He was in the world, and the world was made by him, and the world knew him not. He came unto his own, and his own received him not. But as many as received him, to them gave he power to become the sons of God, even to them that believe on his name: Which were born, not of blood, nor of the will of the flesh, nor of the will of man, but of God. ~ John 1:10-13

Belief in Jesus, the Son of God, is the central message of John’s gospel who wrote the things he did that ye might believe that Jesus is the Christ, the Son of God; and that believing ye might have life through his name. ~ John 20:31

John makes this statement in view of Thomas’s encounter with Jesus after his resurrection. Thomas, who was one of Jesus’s disciples did not believe the reports of Jesus’s resurrection by those who had claimed he was alive.

But Thomas, one of the twelve, called Didymus, was not with them when Jesus came. The other disciples therefore said unto him, We have seen the Lord. But he said unto them, Except I shall see in his hands the print of the nails, and put my finger into the print of the nails, and thrust my hand into his side, I will not believe. ~ John 20:24-25

John tells us that eight days later Jesus appeared to the disciples and Thomas was there with them. When Thomas saw Jesus, Jesus said to him, Reach hither thy finger, and behold my hands; and reach hither thy hand, and thrust it into my side: and be not faithless, but believing (v. 27). 

Next we are told the following:

And Thomas answered and said unto him, My Lord and my God. Jesus saith unto him, Thomas, because thou hast seen me, thou hast believed: blessed are they that have not seen, and yet have believed. And many other signs truly did Jesus in the presence of his disciples, which are not written in this book: But these are written, that ye might believe that Jesus is the Christ, the Son of God; and that believing ye might have life through his name. John 20:28-31

As I close this first post on this topic, I want you to notice that John says “by believing you might have life through his name.” Faith in Jesus is not merely a get out out hell free card, or a free pass into Heaven. Instead, it is life from the dead. Genuine faith in Jesus changes us, and that change begins because God’s Spirit fills our hearts through our faith in Jesus.



This is a faithful saying, and worthy of all acceptation, that Christ Jesus came into the world to save sinners; of whom I am chief. Howbeit for this cause I obtained mercy, that in me first Jesus Christ might shew forth all longsuffering, for a pattern to them which should hereafter believe on him to life everlasting. Now unto the King eternal, immortal, invisible, the only wise God, be honour and glory for ever and ever. Amen. ~ 1 Timothy 1:15-17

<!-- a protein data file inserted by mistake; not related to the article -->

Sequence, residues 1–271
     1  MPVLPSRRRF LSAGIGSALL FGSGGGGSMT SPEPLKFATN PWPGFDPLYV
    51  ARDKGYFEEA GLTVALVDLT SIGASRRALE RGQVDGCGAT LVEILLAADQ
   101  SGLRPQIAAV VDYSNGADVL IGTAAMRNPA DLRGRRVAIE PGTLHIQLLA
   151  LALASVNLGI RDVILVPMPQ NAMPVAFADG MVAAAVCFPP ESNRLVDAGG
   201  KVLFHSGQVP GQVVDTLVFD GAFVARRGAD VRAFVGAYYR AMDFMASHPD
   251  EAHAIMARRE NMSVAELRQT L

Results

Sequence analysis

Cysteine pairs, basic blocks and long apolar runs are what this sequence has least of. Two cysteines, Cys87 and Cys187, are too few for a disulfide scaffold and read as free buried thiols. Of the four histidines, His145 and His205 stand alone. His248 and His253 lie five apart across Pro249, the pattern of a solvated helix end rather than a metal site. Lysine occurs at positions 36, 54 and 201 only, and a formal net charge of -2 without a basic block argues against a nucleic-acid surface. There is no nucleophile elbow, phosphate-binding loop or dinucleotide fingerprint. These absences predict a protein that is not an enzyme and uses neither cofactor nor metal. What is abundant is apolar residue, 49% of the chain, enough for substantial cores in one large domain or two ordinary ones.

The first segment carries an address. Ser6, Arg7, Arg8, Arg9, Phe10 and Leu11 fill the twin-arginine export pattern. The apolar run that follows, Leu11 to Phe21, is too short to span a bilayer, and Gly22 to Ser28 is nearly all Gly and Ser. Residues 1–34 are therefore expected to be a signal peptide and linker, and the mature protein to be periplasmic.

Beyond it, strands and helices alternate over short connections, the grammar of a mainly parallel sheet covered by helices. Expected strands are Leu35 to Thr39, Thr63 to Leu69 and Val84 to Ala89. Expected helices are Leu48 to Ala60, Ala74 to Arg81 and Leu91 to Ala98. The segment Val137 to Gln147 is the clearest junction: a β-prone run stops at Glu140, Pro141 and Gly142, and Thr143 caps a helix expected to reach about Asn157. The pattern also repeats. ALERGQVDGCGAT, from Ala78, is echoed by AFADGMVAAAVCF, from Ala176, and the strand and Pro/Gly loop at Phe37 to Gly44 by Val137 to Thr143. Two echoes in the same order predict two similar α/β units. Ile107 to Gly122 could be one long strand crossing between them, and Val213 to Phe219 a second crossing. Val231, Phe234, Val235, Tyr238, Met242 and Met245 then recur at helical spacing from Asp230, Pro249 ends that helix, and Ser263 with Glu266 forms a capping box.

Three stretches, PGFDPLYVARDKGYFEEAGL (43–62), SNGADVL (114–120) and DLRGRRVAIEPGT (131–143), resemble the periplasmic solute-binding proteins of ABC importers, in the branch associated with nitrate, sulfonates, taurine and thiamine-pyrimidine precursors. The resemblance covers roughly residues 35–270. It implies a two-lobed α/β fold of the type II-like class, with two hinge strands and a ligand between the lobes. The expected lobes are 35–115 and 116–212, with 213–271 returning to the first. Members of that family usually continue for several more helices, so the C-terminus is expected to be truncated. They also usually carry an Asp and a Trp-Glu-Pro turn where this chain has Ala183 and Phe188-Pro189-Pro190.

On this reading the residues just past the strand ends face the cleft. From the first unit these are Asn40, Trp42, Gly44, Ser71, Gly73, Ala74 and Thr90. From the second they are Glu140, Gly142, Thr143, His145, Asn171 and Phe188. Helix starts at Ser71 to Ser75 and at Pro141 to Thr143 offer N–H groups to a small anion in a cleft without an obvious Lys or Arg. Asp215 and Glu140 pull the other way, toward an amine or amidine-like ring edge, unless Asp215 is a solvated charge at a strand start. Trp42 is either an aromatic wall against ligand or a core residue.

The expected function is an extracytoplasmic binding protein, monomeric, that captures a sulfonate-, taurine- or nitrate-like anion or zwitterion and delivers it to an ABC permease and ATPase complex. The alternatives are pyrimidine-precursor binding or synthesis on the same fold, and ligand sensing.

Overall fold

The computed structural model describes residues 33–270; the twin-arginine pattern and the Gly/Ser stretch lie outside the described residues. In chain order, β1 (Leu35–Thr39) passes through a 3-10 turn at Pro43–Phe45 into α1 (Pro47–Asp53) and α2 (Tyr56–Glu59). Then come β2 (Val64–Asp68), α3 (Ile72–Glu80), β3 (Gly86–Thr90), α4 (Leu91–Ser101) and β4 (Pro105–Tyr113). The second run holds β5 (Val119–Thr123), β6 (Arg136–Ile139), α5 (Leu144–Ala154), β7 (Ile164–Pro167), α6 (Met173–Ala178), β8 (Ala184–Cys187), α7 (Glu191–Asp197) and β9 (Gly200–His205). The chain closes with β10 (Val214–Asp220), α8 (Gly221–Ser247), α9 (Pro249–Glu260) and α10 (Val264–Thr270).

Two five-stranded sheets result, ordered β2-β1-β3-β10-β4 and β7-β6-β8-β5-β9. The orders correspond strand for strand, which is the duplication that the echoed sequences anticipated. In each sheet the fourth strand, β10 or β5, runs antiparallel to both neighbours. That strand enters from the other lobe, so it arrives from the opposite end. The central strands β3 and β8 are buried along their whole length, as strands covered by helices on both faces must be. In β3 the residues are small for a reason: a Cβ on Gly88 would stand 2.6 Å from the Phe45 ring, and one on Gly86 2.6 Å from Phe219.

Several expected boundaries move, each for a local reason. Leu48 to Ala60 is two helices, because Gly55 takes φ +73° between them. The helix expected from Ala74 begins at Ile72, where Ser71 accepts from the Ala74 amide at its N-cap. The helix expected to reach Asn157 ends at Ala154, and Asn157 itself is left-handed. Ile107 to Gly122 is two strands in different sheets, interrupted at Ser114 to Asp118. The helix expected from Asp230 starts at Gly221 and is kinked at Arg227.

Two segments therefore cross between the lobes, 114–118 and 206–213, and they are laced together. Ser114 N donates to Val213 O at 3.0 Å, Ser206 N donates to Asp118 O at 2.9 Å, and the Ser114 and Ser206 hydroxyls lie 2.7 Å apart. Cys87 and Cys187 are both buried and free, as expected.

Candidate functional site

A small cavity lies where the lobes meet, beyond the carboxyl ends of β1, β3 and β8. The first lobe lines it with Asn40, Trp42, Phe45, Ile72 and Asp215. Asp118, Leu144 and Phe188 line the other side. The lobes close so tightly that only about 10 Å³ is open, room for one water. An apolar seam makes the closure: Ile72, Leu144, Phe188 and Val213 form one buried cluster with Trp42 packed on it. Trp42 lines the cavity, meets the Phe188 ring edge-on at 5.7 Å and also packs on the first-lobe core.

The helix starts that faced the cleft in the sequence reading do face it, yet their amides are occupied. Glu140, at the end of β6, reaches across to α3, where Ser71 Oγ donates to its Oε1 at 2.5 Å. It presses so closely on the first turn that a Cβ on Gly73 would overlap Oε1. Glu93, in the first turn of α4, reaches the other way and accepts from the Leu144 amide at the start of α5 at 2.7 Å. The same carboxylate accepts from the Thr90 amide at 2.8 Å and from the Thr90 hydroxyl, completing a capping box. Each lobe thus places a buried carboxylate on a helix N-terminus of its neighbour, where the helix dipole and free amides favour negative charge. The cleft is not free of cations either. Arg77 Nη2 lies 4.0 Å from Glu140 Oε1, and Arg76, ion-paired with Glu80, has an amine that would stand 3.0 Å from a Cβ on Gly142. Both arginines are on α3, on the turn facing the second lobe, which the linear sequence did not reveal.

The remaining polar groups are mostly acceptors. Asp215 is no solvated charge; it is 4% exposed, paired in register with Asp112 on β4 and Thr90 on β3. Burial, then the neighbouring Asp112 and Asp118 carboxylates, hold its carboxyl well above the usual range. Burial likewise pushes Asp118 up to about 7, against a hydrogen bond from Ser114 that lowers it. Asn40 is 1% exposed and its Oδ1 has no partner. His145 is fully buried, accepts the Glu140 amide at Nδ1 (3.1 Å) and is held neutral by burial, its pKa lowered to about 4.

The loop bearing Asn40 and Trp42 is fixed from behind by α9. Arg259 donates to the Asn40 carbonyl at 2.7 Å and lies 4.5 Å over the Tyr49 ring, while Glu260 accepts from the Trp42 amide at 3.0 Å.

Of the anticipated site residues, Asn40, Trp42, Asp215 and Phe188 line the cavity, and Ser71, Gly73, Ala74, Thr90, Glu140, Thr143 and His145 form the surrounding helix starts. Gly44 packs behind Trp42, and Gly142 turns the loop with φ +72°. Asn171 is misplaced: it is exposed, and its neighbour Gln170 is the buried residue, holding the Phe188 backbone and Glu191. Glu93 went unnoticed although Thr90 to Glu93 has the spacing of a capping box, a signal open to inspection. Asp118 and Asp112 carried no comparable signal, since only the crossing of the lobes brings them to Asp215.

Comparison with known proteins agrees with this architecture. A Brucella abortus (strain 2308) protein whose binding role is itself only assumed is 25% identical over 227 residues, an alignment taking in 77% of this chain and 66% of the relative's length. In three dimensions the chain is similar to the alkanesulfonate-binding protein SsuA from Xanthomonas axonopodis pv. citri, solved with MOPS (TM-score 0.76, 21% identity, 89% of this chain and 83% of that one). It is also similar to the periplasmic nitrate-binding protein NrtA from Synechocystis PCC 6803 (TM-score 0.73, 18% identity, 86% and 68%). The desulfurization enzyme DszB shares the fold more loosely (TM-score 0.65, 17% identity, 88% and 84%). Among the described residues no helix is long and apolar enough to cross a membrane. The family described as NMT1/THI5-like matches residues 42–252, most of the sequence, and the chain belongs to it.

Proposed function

Evangelicals need to be reminded that Christ came into the world to save sinners. Paul refers to this as “a faithful saying, and worthy of all acceptation…” 

A faithful saying is a timeless message, and an enduring truth. Worthy of all acceptation means it’s it something we must never forget and always be mindful of.  I think this is why Paul says in the next breath, “of whom I am Chief.” Paul did not view himself as the chief of sinners because of a sense of guilt, but rather from a heart of gratitude.

Paul never wanted to forget that he once was lost and God had mercy. Paul then tells Timothy, that his own salvation was a pattern of God’s great salvation to those whom God would save after him. Paul understood the depth of his sinful past, and even so God was merciful, for Christ had come into the world to save sinners. 

In his letter to Titus, Paul tells Titus to remind the people to be examples of godliness with regards to governing authorities, and to speak evil of no man, and not to be brawlers (abusive, fighting, etc.) but rather be gentle, showing meekness to all men (not only to Christians, but all men) because we too were at one time foolish, disobedient, deceived, serving different lusts and pleasures, living in malice and envy, hateful, and hating one another. 

Too many evangelicals are sending the wrong message of us vs. them. We are not an exclusive group whom God favors and while hating sinners. God forbid! Instead, we are people who have been saved by the grace of God and at one time we too were lost and we should never forget it. If we do, we forget our calling and our purpose.

Christ came into the world to save sinners and has called us as co-laborers with him so that through us the savor of the knowledge Christ might be known in every place, so that the world can taste and see that the Lord is gracious.